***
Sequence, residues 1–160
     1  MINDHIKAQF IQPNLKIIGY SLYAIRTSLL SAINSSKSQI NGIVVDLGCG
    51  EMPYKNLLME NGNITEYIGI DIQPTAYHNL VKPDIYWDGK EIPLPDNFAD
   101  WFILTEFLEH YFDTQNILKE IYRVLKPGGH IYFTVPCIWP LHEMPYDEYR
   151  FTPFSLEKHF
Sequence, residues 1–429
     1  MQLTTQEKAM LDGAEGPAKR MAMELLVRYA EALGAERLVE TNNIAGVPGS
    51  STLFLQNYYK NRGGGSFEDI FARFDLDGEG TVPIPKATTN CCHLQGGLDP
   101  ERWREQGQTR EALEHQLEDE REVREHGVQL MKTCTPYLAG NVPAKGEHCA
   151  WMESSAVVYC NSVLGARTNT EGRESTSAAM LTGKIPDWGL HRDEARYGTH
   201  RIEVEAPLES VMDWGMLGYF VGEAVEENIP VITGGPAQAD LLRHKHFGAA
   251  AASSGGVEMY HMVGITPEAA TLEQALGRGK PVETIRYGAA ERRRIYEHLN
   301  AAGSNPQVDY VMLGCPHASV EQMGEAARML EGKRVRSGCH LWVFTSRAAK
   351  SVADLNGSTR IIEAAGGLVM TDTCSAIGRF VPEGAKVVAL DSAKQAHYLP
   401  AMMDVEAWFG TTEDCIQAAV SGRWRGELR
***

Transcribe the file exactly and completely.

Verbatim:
Sequence, residues 1–160
     1  MINDHIKAQF IQPNLKIIGY SLYAIRTSLL SAINSSKSQI NGIVVDLGCG
    51  EMPYKNLLME NGNITEYIGI DIQPTAYHNL VKPDIYWDGK EIPLPDNFAD
   101  WFILTEFLEH YFDTQNILKE IYRVLKPGGH IYFTVPCIWP LHEMPYDEYR
   151  FTPFSLEKHF
Sequence, residues 1–429
     1  MQLTTQEKAM LDGAEGPAKR MAMELLVRYA EALGAERLVE TNNIAGVPGS
    51  STLFLQNYYK NRGGGSFEDI FARFDLDGEG TVPIPKATTN CCHLQGGLDP
   101  ERWREQGQTR EALEHQLEDE REVREHGVQL MKTCTPYLAG NVPAKGEHCA
   151  WMESSAVVYC NSVLGARTNT EGRESTSAAM LTGKIPDWGL HRDEARYGTH
   201  RIEVEAPLES VMDWGMLGYF VGEAVEENIP VITGGPAQAD LLRHKHFGAA
   251  AASSGGVEMY HMVGITPEAA TLEQALGRGK PVETIRYGAA ERRRIYEHLN
   301  AAGSNPQVDY VMLGCPHASV EQMGEAARML EGKRVRSGCH LWVFTSRAAK
   351  SVADLNGSTR IIEAAGGLVM TDTCSAIGRF VPEGAKVVAL DSAKQAHYLP
   401  AMMDVEAWFG TTEDCIQAAV SGRWRGELR